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Social worker encourages students to report bullying

Social worker Ken Skouby said bullying happens most frequently in a school setting, but it's parents at home that may notice the effects of bullying on their child first. (KRCG 13)

October is Anti-Bullying Month, and experts say unless bullying is reported, it can frequently go unchecked.

In this week's Family First segment, KRCG 13 spoke with SSM Health Social Worker Ken Skouby about how to encourage children to speak up if they witness or experience bullying.

He said reporting bullies can put a quick stop to harassment; but for many kids, it's not an easy thing to do. "There's always fear that the person who's doing the bullying may feel that the child who is reporting the issue is doing something wrong and they deserve it, or that it could get worse, that type of thing," he said.

Skouby said it doesn't matter who kids report bullying to, but it should be someone they trust. "A PE teacher, maybe. It could be a janitor, it could be the school lunch lady" he said. "Anybody they have a relationship with and they feel comfortable with."

He said before many children feel okay telling an adult about what's going on, they need to know their concerns won't be brushed off. "They have to feel like there's not going to be a repercussion on them, and feel comfortable sharing it with someone," he said. "And also, they need to know that by reporting bullying, it will make a difference. Something will change. Somebody is going to listen to them. Somebody is going to believe them about what's going on."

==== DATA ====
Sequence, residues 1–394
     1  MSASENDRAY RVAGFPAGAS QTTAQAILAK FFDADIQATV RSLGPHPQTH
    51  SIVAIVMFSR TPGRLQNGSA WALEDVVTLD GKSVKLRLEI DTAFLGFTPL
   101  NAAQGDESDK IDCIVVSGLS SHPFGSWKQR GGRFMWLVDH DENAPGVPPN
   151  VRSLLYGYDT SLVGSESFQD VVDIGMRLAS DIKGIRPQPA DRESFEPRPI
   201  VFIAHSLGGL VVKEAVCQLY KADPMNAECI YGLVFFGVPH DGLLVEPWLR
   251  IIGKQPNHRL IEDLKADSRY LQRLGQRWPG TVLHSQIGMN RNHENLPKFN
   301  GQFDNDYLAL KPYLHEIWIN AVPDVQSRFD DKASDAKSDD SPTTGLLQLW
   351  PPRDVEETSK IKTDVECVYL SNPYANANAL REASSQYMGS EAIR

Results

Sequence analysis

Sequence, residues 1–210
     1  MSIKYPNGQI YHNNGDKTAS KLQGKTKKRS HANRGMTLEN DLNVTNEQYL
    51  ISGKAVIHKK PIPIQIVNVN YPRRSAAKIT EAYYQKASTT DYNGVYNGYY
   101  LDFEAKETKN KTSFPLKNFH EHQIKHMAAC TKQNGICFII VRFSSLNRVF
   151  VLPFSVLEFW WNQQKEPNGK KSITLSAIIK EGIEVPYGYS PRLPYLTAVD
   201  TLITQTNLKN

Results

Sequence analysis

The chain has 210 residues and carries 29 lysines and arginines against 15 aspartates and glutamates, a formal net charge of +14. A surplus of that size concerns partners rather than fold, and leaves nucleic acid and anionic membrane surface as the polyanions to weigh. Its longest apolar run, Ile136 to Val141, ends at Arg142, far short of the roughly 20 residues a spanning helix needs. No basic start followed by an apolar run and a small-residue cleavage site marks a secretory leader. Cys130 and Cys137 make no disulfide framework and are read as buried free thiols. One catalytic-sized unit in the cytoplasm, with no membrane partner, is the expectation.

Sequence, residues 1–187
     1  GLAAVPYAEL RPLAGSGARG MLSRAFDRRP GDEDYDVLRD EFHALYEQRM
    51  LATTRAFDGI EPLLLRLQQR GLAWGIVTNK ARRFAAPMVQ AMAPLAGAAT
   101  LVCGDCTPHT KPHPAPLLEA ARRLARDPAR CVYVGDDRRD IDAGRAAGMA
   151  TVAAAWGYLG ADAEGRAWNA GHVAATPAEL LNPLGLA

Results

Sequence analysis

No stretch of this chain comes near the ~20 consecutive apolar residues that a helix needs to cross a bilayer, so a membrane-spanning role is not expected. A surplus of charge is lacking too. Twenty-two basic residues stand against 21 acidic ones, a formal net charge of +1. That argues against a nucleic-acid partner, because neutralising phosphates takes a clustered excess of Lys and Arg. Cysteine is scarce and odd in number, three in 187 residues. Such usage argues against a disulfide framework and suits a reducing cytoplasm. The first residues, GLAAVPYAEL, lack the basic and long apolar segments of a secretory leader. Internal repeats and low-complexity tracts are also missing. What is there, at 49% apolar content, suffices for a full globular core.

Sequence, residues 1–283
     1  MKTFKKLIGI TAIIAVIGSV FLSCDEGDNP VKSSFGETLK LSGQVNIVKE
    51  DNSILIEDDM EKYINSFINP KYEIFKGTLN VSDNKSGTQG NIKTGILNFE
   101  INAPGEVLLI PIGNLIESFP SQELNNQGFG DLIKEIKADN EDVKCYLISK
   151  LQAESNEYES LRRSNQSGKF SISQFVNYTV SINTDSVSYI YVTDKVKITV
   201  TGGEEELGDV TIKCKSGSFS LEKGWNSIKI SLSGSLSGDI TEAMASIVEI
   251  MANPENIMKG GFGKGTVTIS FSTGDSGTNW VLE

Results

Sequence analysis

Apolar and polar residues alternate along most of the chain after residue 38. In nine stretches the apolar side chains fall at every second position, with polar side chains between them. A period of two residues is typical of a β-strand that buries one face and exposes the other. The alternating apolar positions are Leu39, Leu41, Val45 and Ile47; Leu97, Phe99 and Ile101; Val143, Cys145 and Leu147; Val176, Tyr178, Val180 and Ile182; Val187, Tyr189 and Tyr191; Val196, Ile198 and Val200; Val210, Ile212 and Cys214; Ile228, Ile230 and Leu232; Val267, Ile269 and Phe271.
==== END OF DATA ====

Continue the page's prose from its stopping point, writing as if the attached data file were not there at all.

While Skouby said kids should be encouraged to report bullying at school, he also said parents at home will likely be the first adult to notice something could be wrong or off with their child.

If parents do notice their child becoming withdrawn, he suggested asking open ended questions about general topics, such as: "What was the best part of your day today? What happened today? What did you have for lunch? What happened at lunch? Who are your friends? Who did you eat lunch with today?"

If your child shares that they're dealing with bullying, Skouby said the most important thing parents can do is listen, and take their child's concerns seriously. Watch KRCG 13 at 5 p.m. next Friday for our next Family First segment - we'll talk to a psychologist about the importance of being assertive when dealing with bullies.

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